When his father Edgar Prince unexpectedly died in 1995, he ended his Navy service prematurely. After Erik’s mother, Elsa Prince, sold the family’s automobile parts company, Prince Corporation, for $1.3 billion to Johnson Controls, Inc., Erik moved to Virginia Beach and personally financed the formation of Blackwater USA at the age of 27.

    Prince is the brother of Betsy DeVos, a former chairman of the Republican Party of Michigan and wife of former Alticor (Amway) president and Gubernatorial candidate Dick DeVos.

    Prince’s first wife, Joan Nicole Prince, died of cancer in 2003. He has since remarried and has six children. He now runs Prince Group, Blackwater’s parent company, from an office in McLean, Virginia and also serves as a board member of Christian Freedom International, a nonprofit group with a mission of helping “Christians who are persecuted for their faith in Jesus Christ”.

    I retired 4 years before Prince came into the Seals and never had him under my command. But I met him once and did not like what I saw in his eyes. The person that succeeded me said Prince was not a team player wanting to make his own judgments and decisions and that he constantly caused problems by not “specifically” following orders and/or deviating from the mission. He was a SEAL for all the wrong reasons.

    Gary Jackson, Vice president of Black h2o is also a former SEAL washout. It is interesting to note (especially for the conspiracy theorists) that their Vice Chairman, Cofer Black, was the top counter-terrorism official in the Bush administration when 9/11 occurred and that several former CIA and Pentegon officials left government to become honchos at Black h2o.

    From what I hear, Blackwater has received as much as 15 billion in no bid contracts from Bushco. That should be no surprise, however. Erik Prince has always been connected to the Bush crime family and served in daddy Bush’s political organization when he was young. It is “unclear” what his role was there.

    Those I have talked to that have had experience with him consider Prince a power mad misguided jesus freak hell bent on america’s world domination by force. But, right now Blackwater is available to the highest bidder and has performed many services for foreign governments and individuals. Outside of his standard personnel he has a base of 21,000 former special forces and other “retired” military types from all over the world to draw from to fill any of his unusual contractual obligations, whatever they are. There’s a lot of section 8’s in that bunch. This is a very scary organization led by a madman.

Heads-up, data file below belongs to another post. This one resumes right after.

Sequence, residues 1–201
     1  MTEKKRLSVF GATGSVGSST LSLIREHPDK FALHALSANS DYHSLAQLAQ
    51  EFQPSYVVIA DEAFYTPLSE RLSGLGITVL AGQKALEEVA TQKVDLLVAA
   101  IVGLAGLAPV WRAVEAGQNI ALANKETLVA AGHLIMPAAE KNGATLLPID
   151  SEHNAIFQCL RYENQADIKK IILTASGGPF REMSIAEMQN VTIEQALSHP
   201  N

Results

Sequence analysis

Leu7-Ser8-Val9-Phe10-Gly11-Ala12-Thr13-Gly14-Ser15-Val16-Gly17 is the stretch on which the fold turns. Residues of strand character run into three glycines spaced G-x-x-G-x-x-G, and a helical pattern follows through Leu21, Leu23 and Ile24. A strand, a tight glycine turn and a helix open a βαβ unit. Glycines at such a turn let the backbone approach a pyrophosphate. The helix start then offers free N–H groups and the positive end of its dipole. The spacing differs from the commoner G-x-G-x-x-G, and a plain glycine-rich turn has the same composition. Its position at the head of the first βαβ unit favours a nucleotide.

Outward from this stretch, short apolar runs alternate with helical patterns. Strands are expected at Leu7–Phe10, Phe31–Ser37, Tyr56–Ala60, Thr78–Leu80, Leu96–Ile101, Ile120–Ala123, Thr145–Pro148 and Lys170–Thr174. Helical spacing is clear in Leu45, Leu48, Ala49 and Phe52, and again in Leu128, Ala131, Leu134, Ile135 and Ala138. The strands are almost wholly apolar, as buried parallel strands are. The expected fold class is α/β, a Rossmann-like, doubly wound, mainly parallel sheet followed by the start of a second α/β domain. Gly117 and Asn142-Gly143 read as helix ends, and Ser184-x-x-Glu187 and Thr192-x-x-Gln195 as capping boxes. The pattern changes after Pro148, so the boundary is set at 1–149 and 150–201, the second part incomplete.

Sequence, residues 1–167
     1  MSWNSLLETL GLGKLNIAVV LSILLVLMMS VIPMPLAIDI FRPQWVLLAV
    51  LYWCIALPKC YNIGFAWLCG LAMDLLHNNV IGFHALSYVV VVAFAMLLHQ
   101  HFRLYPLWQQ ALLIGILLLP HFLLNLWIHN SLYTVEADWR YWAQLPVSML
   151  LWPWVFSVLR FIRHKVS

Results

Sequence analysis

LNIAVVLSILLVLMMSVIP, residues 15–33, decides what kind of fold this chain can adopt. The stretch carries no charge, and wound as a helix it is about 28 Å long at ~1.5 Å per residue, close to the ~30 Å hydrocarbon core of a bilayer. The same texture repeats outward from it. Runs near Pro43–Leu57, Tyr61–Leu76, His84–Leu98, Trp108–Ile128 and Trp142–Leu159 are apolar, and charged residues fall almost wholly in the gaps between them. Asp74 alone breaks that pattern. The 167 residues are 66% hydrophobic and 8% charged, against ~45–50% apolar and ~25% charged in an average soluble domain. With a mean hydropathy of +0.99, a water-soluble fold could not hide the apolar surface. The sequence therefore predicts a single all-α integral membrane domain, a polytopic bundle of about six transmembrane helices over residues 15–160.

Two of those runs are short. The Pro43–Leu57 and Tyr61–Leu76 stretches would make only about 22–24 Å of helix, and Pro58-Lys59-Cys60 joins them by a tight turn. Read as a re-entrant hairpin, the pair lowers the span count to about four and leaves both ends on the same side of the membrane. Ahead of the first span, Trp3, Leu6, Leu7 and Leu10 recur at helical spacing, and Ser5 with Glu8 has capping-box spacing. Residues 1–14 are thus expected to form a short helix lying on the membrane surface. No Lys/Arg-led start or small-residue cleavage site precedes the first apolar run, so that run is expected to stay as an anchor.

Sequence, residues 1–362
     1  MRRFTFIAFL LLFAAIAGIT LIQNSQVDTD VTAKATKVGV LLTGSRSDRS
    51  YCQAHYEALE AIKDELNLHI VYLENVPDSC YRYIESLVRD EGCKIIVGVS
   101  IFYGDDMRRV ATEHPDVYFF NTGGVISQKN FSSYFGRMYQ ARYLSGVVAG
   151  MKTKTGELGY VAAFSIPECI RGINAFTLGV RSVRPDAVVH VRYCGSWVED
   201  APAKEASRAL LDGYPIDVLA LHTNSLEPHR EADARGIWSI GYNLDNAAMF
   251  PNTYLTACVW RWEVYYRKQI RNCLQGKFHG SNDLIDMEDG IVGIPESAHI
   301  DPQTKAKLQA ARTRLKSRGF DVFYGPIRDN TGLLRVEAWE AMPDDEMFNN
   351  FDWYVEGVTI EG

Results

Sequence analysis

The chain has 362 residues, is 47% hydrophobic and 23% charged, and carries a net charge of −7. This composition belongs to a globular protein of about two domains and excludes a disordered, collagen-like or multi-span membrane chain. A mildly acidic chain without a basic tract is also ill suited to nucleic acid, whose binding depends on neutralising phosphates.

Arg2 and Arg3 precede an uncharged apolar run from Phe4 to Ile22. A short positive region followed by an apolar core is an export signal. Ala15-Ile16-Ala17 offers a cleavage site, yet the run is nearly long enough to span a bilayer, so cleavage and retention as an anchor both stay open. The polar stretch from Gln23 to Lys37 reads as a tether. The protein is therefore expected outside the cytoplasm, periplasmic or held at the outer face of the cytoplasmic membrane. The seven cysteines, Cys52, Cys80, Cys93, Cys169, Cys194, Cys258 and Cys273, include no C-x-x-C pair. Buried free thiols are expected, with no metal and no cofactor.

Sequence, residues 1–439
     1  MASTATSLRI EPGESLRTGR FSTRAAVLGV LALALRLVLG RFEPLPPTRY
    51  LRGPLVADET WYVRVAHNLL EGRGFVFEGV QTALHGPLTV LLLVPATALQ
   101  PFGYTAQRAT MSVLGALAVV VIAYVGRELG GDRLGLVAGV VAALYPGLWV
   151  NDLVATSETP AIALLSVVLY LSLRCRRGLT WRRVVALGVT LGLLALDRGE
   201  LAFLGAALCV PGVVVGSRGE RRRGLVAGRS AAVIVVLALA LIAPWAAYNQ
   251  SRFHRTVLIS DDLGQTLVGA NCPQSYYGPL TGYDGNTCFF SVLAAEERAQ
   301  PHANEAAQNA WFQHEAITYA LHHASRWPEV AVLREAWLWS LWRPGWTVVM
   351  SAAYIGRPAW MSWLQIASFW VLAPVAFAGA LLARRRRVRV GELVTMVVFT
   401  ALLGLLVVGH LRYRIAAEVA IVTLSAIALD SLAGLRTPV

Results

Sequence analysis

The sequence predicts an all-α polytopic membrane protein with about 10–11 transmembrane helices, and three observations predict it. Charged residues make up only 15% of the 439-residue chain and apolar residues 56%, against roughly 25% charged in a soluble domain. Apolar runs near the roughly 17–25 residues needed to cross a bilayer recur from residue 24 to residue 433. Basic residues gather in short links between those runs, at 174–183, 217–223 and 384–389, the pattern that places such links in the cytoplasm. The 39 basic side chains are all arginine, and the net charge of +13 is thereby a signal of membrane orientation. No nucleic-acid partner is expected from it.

5. Sandra Price  September 22, 2007 at 7:48 pm

    Thanks Seal. I read the story of Prince when I read the book. Just think of the good he could have done in Iraq, but chose illegal, unethical profits instead. This is sort of a Christian thing.

    We are expecting a bad thunder and lightning storm valued at “Severe.” I’m flying out of here in the morning and hope the plane is flying too! I’ll check back in on October 1st and hope this mess with Blackwater is over and Bush takes the fall.

    Keep this thread going!!!

  6. Rick Fuller  September 23, 2007 at 12:10 am

    President Bush has refused to criticize Blackwater as the Democrats have refused to criticize Moveon.org for the “Betray Us” NYTs ad.

    Oh wait!

    One is accused of killing innocents and selling arms to our enemies – the other is accused of speaking poorly about a 4-star General in a “time of war.”

    The fact is: On is about money; the other is about truth – …and, you know which side President Bu$h is on…

  7. maryadavis  June 9, 2008 at 7:43 pm

    He will not tolerate letting our citizens being shot in another country. But when one of our own citizens shot a pedestrian in another country, it all went quiet very fast. Where’s the justice?